The Kitchen

    • So you are leaving some rice on the hob to cook while you watch TV – put a lid on it! Lots of energy is wasted this way – your food will cook more quickly, or you can set the heat a little lower once the lid is on.
    • Don’t fill your kettle to the brim for one cup of tea. It takes longer to boil and wastes energy. Just heat what you need.
    • Doing your washing or putting on the dishwasher? Make sure you have a full load. It takes the same amount of energy however much you have in there, so make sure it is full. If you only have a half load – make sure you use the half load option on the machine.
    • Drying your clothes? Don’t use the tumble dryer unless you really have to. If you have a clothes line and it’s a dry day, stick your washing on the line.

    Water Use

    • All the more important if you are on a water meter, there are lots of ways to save water in the home. Taking showers instead of baths, fixing leaky taps, watering the garden with a watering can.
    • Saving hot water is even more important. Remember to use your timer to heat your water only when you need it (if you have a hot water cylinder) and to ensure you have your cylinder thermostat set correctly. Most cylinders nowadays have them and making sure you don’t overheat your water is a great way to save money.

    So those are just a few tips that could save you hundreds of pounds each year, and every household can do it. But of course, these things can only get you so far. Installing insulation and better heating systems etc. are also worthwhile ways to improve efficiency, and as Green Deal advisors we are always on the lookout to try and recommend the best deal for you. An example of some of the ‘big winners’ are below.

    Winner – Loft insulation, despite the cliché, is very much one of the biggest most rewarding measures on the Green Deal. It really can save you hundreds of pounds a year. Even if you already have some, it may be insufficient (270mm is now the standard), so get it checked out.

    Winner – Wall insulation. There are so many properties with solid walls, built before cavities came along in the 1930’s. It is expensive, but long term getting solid wall insulation (and throw in some ECO help) will make a big difference to your bills. Cavity walls are obviously more efficient than solid walls, but getting them filled is also a big winner.

    Winner – Heating controls. Many people underestimate how much they can save with good room thermostats, programmers and thermostatic radiator valves. If you install all the insulation and a new heating system you need heating controls to ensure that you keep the temperature of the home at the same comfort level, otherwise the home will be warmer than it was before, but you won’t be saving on your bills. They also help you better control the heating of each room, and the times you want them heated – no more ‘forgetting to turn the heating off’, or overheating the little study while the big bedroom freezes. Getting good controls pays back surprisingly quickly.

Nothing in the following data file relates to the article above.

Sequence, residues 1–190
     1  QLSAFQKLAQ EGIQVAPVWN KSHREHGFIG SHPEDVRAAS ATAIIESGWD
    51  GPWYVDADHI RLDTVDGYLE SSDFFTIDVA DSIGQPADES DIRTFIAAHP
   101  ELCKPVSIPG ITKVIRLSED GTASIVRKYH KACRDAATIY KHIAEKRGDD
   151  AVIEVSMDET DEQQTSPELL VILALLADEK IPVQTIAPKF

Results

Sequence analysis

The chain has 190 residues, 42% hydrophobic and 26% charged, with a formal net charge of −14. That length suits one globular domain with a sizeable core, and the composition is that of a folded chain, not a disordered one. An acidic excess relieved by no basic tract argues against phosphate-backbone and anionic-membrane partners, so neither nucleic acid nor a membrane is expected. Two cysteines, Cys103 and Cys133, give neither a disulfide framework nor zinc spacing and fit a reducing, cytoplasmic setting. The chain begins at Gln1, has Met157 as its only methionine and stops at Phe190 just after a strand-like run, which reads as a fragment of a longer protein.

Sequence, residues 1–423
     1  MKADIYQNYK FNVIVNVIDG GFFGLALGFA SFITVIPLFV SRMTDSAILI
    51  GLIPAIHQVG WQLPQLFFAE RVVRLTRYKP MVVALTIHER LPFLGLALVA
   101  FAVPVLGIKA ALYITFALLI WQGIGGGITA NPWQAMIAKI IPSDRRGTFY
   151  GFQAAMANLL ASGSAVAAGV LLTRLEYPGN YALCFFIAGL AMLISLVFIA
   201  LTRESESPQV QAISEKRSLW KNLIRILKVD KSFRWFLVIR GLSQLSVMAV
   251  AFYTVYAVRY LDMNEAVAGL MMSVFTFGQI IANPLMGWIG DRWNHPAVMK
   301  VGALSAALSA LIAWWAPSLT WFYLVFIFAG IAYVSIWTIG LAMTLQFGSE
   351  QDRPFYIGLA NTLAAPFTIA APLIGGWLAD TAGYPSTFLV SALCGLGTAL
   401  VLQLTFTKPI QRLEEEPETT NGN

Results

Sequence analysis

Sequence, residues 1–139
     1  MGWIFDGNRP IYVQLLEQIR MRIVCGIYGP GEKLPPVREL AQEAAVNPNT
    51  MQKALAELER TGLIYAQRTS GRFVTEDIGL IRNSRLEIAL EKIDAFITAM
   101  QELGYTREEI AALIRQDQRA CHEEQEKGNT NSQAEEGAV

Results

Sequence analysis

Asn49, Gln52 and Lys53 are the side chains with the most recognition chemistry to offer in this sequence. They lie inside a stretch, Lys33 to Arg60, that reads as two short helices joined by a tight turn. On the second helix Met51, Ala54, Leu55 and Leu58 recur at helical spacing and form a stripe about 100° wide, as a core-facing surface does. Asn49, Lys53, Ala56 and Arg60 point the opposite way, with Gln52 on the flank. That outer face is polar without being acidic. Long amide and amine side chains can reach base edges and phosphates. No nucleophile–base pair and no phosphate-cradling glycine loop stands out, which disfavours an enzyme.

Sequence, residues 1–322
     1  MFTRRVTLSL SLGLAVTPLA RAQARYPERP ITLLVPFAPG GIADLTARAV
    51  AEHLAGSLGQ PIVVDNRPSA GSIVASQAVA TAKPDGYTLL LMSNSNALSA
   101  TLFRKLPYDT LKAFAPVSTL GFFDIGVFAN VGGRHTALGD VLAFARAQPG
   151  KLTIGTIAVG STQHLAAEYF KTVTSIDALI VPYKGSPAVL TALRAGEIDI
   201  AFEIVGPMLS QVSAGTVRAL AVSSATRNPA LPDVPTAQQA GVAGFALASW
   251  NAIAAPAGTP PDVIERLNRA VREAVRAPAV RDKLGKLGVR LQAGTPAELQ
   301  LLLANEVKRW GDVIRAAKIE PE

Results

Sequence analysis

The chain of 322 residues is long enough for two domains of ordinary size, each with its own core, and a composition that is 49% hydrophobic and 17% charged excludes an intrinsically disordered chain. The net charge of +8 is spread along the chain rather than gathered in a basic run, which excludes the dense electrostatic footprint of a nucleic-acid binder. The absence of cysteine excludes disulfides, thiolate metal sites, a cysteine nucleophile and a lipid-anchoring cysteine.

Of course, the Green Deal is also there to help you get involved with renewable energy and with the Renewable Heat Incentive kicking in soon, there has never been a better time to look at these new technologies. Solar PV, with the benefit of Feed-in-Tariffs, will now pay back in around 8 years in many cases. Air and Ground Source Heat Pumps offer another way to save energy at a time when the cost of gas and electricity is spiralling upwards.

    So the Green Deal is not just about insulation – it is a real holistic approach to improving your home. You stand to gain so much from just a few hours of an assessor’s time, why not book an appointment today?

    Reposted from the DECC Blog, author 
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  8. Potential Energy – Potential Jobs: building a low carbon economy in south west England

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    A new report by Regen SW, the renewable energy experts, reveals we are at risk of missing out on the opportunity to create 24,000 new jobs in renewable energy by 2020.

    The report “Potential Energy – Potential Jobs: building a low carbon economy in south west England” analyses progress in renewable energy technologies like wind, solar, marine and biomass. It shows we have made good progress doubling renewable energy, but that on current trends the south west will achieve about 9 per cent of energy from renewable sources by 2020 – well short of the government’s UK wide target for 15 per cent.

    At this rate of growth the number of people employed in renewables will grow from the 10,000 people currently employed to some 15,500 by 2020. However, if growth accelerates to meet the 15 per cent target we could reach 34,000 renewable energy jobs by 2020.

    The report sets out six key measures for success:

    1. Clear, consistent and certain national policy framework for renewable energy
    2. Local planning policies that back renewable energy